If you want a fantastic thermal paste without having to empty your wallet, you cannot go wrong with the Arctic Silver 5, just make sure to perfect your application technique as not to waste any of the 3.5g that you get.
If you want the absolute best thermal paste that money can buy then the Liquid Ultra from Coollaboratory is the choice for you.
It comes in at just under $14 a metal compound that is sure to shave quite a few degrees of off your CPU temperatures. There are just a few problems with the Liquid Ultra though that make it a bit difficult to recommend to anyone but the most ardent of coolers.
Firstly, Liquid Ultra cannot be used with aluminium heatsinks, this is due to the compound reacting with aluminium to insulate rather than conduct. Secondly, there is a very strict and set process for applying Liquid Ultra to your CPU and it requires a lot of fiddly handwork.
First you have to clean all surfaces with at least 70% proof isopropyl alcohol and a cleaning pad, this is to make sure there are no impurities. Then you must spread it evenly across the surface of the CPU using the included brush that isn’t the most intuitive of things you will ever use.
This is all whilst making sure that the thermal paste does not touch any of your other components because of the metal composition of the paste will cause it to short.
The price may be steep considering you can’t use it on aluminium heatsinks, and the application process elaborate and tedious but many people swear by this paste and the extra degrees it can shave off. If you are serious about cooling and are experienced with applying thermal paste, Coollaboratory’s Liquid Ultra is one of the best you can get.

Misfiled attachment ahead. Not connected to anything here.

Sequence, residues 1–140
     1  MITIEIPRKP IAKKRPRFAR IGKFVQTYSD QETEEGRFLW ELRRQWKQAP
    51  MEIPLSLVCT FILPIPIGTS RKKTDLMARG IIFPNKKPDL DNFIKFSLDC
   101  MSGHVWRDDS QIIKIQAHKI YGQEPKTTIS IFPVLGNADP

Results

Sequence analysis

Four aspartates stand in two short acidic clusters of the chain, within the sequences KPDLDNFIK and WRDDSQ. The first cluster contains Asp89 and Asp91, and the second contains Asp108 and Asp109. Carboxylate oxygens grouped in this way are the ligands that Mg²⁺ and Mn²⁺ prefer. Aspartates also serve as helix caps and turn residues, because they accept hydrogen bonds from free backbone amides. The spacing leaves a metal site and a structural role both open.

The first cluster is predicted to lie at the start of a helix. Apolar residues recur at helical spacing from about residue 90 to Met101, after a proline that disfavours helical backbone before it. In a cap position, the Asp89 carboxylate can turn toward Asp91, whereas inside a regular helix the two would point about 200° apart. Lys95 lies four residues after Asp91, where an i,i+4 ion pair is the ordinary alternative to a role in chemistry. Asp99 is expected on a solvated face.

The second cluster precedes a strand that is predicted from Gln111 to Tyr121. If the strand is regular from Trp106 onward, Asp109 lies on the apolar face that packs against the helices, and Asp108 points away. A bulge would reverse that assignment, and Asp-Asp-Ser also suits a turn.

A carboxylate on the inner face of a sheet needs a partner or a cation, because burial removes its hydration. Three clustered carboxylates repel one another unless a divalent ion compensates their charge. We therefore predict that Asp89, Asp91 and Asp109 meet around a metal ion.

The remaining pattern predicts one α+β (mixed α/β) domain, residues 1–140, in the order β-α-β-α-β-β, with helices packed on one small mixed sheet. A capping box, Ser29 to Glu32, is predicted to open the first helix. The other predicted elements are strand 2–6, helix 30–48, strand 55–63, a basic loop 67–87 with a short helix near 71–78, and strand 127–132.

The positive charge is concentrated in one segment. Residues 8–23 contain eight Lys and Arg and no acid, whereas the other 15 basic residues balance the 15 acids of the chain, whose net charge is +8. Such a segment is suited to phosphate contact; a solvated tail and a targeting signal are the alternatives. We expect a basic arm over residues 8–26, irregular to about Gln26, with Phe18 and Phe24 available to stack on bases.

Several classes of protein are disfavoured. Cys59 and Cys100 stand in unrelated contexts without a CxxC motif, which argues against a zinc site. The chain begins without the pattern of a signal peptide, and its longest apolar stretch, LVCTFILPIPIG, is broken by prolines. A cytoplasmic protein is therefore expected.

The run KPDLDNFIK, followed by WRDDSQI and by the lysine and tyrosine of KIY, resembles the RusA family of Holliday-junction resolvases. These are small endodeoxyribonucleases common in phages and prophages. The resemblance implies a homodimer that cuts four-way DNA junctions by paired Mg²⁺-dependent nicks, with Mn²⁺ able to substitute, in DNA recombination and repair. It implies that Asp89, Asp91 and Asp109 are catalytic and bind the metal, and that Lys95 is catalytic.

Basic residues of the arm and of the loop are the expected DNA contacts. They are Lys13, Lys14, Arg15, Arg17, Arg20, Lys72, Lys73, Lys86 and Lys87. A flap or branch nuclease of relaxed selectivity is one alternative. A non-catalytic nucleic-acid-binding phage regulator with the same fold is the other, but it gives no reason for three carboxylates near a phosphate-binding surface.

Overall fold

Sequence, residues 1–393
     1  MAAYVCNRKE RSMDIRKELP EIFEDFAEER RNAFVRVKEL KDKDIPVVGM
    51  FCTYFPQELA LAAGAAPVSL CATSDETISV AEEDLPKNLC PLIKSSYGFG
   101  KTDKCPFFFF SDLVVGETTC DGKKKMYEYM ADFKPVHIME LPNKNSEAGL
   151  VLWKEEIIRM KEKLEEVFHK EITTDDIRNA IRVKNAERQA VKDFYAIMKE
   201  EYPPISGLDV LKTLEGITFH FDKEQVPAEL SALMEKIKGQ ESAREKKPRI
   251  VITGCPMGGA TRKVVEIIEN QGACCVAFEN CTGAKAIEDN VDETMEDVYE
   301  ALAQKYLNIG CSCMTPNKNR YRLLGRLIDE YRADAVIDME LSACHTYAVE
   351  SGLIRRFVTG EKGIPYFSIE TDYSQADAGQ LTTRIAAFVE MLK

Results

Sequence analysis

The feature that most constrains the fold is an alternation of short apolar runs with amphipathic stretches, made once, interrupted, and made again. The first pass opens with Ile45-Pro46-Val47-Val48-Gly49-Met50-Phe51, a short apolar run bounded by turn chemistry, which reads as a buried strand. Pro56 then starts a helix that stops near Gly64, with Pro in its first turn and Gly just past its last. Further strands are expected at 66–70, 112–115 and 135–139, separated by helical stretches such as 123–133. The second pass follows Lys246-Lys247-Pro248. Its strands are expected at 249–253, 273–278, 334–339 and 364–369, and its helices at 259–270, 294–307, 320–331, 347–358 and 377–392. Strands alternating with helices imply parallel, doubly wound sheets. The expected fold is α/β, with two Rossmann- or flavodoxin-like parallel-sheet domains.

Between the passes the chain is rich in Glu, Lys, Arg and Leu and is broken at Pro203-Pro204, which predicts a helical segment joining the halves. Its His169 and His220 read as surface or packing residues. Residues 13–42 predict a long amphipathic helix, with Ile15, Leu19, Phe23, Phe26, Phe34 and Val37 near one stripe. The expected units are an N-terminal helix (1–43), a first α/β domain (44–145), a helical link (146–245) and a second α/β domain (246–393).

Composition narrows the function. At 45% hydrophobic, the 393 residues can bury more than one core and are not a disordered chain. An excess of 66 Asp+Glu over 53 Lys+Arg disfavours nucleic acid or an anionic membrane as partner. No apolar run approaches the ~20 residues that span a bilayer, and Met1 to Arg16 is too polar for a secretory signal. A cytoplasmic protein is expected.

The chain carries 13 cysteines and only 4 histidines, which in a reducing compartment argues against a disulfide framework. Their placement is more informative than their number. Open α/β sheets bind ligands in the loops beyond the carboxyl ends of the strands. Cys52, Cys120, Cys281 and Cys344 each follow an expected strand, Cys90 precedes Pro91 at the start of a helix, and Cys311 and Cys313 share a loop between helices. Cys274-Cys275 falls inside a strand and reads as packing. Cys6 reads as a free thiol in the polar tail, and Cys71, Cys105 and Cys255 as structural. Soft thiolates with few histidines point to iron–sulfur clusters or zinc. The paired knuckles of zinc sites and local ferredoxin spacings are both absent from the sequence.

The Arctic MX-4 is one of the most popular budget thermal pastes that you can get today. On Amazon, it is always number one when it comes to thermal pastes.
This is due to the great bang for your buck that you get with it. You get enough to last you a long while and it comes in a great syringe type applicator.
Unlike the others on this list, the MX-4 is carbon based, this leads to issues with peak-temperatures but for the money it can be forgiven.
If you are just looking for a cheap thermal paste that does the job, you cannot go wrong with the Arctic MX-4.
The issue with the High-Performance is that it is very runny, in fact almost all of the CoolerMaster thermal pastes are. Due to its metal composition, this can make application a bit tricky, so you have to be extra careful when applying it. It does come with a spatula that you can use to spread it but this isn’t really worth the trouble.
It does perform very well though, it is up there with the best ceramic pastes but it underperforms when compared to its metal cousins.
Whilst it isn’t the best metal paste you can buy, if you want something that does the job a bit better than ceramic pastes, the CoolerMaster High-Performance thermal paste is definitely worth a look.
Noctua are known for making some of the greatest cooling solutions for PCs on the market currently and their thermal paste is no different.
The NT-H1 is ceramic based and offers great cooling capacity. Whilst the paste is a little drier than others on this list, this doesn’t affect application that much, the usual syringe applicator makes it a doddle to apply.
For just $6 you get more than the Artic Silver 5 with equal or better performance, so for the money you cannot beat the Noctua NT-H1.
There you have it, the best thermal pastes that money can buy, there are so many different ones to choose from but this list should make it that bit easier to find the one that works for you.
There is a lot of science that goes into thermal paste so keep an eye on where the industry is heading, they may find something in future that blows everything currently available out of the water.